October 15, 2003


Ummah stands divided (Phar Kim Beng, 10/15/03, Asia Times)

At the ministerial preparatory meeting held this week in Putrayjaya, Kuala Lumpur, the Organization of Islamic Conference (OIC) tried to appear upbeat despite the many problems confronting the Islamic world.

It sought to show unity by calling for the eviction of United States forces from Iraq. However, Turkey's decision to provide troops to Iraq, which is represented in the conference by the US-sanctioned interim Iraqi Governing Council, triggered divisions within the organization. [...]

Although the OIC serves to represent the ummah (the Islamic community), James Piscatori, a professor in international relations at Oxford University, has long argued that the Islamic world rallies more to causes that resonate with national interests than pan-Islamic ones. Events dating back to 1969, the year when OIC was first conceived, has shown his insights to be prescient.

In his book Islam and the Nation-State, he showed that the foreign policy of some of the most Islamic countries, such as Saudi Arabia, Pakistan and Iran, were each driven by their parochial national interest rather than Islamic ones.

Thus, while the OIC's aspirational goals include promoting the collective welfare of the Islamic world, caught as it is by the hegemony of the United States, the OIC's decisions cannot be aversed to member states' national prerogative too. In fact, the latter always dominate. Hence, the track record of the OIC has always been filled with inconsistency.

When the modern State comes into conflict with the Church, the State wins. That's why, as vital as it is to separate Church and State, it is equally important to limit the power of the State and maintain the health of the Church, so that there is some countervailing authority within the nation that at least has a prayer of restraining the exercise of State power. Easier said than done.

Posted by Orrin Judd at October 15, 2003 9:46 AM

Every day I find another reason why inviting Turkish troops into Iraq is another brilliant srategy by GW. He may be a dummy but he is a deep one.

Posted by: john at October 15, 2003 10:17 AM

I think there is a confusion of terms here.

Both Bassam Tibi and Sam. Huntington have argued, fairly persuasively, that either Islamic states do not really exist (Tibi) or that Islam trumps politics (Huntington).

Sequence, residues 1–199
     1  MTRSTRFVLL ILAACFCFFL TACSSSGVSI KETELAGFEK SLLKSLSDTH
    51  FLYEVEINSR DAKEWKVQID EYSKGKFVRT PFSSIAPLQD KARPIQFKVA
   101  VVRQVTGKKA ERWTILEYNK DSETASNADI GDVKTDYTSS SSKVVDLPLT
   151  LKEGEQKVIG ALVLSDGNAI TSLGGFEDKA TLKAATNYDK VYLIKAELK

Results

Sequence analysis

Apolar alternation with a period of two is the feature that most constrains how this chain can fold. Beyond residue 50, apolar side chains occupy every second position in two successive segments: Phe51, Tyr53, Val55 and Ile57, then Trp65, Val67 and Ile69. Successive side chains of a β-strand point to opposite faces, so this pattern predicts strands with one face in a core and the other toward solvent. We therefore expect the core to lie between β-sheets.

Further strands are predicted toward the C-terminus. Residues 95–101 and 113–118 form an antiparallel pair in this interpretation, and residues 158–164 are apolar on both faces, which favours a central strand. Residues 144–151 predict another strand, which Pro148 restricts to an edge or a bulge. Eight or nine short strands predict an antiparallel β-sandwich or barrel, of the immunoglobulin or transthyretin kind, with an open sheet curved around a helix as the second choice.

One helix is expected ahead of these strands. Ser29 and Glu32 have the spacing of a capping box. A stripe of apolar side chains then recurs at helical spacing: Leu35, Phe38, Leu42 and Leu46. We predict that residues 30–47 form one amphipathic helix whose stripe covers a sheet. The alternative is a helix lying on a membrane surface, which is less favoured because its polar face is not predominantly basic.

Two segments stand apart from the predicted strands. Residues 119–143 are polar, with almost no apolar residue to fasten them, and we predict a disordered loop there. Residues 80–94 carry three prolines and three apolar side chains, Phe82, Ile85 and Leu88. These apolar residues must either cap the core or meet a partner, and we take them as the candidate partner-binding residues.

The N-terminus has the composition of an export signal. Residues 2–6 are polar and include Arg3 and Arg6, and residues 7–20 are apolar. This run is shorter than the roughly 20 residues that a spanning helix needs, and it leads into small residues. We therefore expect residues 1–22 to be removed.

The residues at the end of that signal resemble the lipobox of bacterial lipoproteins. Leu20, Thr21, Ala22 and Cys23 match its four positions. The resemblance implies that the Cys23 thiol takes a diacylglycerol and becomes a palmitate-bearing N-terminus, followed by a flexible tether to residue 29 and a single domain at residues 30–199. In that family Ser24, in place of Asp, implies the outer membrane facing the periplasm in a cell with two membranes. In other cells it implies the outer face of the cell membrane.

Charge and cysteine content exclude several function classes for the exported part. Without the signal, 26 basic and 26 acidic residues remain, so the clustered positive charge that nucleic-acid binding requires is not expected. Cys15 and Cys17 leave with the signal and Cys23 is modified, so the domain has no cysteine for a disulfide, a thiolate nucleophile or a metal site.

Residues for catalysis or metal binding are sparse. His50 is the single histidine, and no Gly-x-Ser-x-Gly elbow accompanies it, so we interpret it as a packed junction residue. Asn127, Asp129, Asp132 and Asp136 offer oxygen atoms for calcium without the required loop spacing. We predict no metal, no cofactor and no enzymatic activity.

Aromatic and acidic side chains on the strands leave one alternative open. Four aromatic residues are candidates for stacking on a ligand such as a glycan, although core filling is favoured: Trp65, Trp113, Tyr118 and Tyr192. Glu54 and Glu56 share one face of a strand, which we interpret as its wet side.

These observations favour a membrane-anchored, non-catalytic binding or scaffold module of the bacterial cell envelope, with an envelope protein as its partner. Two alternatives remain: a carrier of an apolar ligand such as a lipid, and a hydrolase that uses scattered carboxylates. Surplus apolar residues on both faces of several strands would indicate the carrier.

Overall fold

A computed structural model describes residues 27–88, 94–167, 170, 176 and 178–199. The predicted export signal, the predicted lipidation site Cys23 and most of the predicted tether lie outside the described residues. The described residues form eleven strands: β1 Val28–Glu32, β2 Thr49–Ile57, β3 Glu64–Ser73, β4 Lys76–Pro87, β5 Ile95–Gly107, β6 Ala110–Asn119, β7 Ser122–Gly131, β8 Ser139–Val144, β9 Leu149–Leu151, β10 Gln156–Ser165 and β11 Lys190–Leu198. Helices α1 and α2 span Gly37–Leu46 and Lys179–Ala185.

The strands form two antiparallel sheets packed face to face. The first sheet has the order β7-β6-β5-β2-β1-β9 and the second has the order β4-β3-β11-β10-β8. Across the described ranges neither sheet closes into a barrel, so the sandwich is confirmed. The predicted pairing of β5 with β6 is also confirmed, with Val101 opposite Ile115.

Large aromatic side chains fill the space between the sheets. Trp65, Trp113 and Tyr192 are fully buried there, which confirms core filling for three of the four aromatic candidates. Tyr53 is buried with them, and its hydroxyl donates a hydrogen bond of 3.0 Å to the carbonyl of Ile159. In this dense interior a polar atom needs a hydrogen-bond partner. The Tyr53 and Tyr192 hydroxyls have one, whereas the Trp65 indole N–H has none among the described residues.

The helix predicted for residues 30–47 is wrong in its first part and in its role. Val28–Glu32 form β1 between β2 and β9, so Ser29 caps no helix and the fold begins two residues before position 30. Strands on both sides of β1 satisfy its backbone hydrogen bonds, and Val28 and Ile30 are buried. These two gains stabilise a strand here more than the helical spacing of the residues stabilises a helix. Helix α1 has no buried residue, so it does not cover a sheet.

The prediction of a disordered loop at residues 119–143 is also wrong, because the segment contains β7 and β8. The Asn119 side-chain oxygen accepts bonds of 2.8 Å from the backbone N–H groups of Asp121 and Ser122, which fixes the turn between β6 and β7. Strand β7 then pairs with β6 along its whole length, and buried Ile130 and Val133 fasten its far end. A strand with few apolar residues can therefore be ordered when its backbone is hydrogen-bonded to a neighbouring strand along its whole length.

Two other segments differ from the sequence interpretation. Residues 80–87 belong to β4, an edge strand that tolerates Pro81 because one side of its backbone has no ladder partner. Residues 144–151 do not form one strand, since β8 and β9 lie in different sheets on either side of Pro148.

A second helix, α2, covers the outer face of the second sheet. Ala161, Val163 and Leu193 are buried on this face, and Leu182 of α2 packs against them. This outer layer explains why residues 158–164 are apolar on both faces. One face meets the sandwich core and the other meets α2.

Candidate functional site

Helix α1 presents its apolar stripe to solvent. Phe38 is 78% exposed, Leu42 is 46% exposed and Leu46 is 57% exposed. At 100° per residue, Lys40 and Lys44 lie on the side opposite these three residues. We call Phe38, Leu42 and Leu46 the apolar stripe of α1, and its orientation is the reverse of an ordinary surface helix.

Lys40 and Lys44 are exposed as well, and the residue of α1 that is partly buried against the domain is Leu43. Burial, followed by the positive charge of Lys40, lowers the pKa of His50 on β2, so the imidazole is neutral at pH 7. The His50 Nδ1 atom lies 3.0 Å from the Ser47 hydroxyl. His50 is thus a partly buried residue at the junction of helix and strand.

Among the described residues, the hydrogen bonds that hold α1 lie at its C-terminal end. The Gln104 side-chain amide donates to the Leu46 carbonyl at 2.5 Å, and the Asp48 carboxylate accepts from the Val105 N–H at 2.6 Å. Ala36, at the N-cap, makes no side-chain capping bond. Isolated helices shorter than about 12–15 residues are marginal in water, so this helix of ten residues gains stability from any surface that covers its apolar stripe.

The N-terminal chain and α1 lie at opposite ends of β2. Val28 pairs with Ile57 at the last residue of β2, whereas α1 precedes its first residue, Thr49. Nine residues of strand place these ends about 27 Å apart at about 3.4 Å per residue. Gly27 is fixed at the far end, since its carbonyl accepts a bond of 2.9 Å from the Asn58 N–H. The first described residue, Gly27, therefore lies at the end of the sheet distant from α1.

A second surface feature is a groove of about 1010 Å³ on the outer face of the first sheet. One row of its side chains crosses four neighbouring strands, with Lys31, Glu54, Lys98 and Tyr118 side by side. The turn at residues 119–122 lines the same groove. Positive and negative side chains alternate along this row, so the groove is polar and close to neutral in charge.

The motive forces in, say, Pakistan or Saudi Arabia that controlled the state were not particularly representative of their people.

One can doubt that, if the Pakistanis had had any say in the matter, they would have financed the Aga Khan's actresses.

Posted by: Harry Eagar at October 15, 2003 2:46 PM

The point being they have no say, nor do the clerics. The State does as it wishes.

Posted by: OJ at October 15, 2003 3:13 PM

That's just what Huntington argues is changing, and while I disagree with a lot of his book, he's clearly right about that.

That's where Bush is trying to square the circle. You cannot have a popular government (let alone a representative democracy) without mass education. But in Islamic societies, mass education means more Islam. Until now, the states in Islam have not been Islamic, with rare exceptions.

Posted by: Harry Eagar at October 15, 2003 6:06 PM

Cubans we're endlessly told are the most educated people on Earth--they have no say either.

Posted by: oj at October 15, 2003 6:42 PM

Calling for our eviction is a layup for the majority of this group. A democratic Iraq is a threat both to pan-Islamism and to authoritarian rulers in the component states.

Turkey's interests are the most aligned with ours, in that their state is an outlier in the Islamic world -- (relatively) democratic and Islamic. I agree with Harry as to what Bush is trying to do.

Posted by: Dave in LA at October 15, 2003 8:00 PM

You're new here, Dave. Nobody agrees with Harry.

Maybe you are agreeing with john.

Orrin, you never heard me say the Cubans were the most educated people in the world. No point in knowing how to read if you don't have anything to read.

I seem to recall lots of rightwingers asserting that when Castro goes, so will the regime. Presumably they are basing that on some idea of popular sovereignty.

Nobody ever said, in the '50s, that when Batista went, his replacement would owe anything to popular opinion.

Posted by: Harry Eagar at October 15, 2003 9:43 PM

When Castro dies, I expect his cronies to maintain power, but not as a Communist nation. THAT is what will go.

However, as that notion is so glaringly obvious, I'm for skipping the wait, and going immediately to normalizing our relationship with Cuba. There's an awful lot of good music and baseball going to waste, right now.

Posted by: Michael Herdegen at October 16, 2003 6:49 AM

Harry --

We agree with you on lots of things. It's just that as soon as we agree, you move further out.

Posted by: David Cohen at October 16, 2003 1:51 PM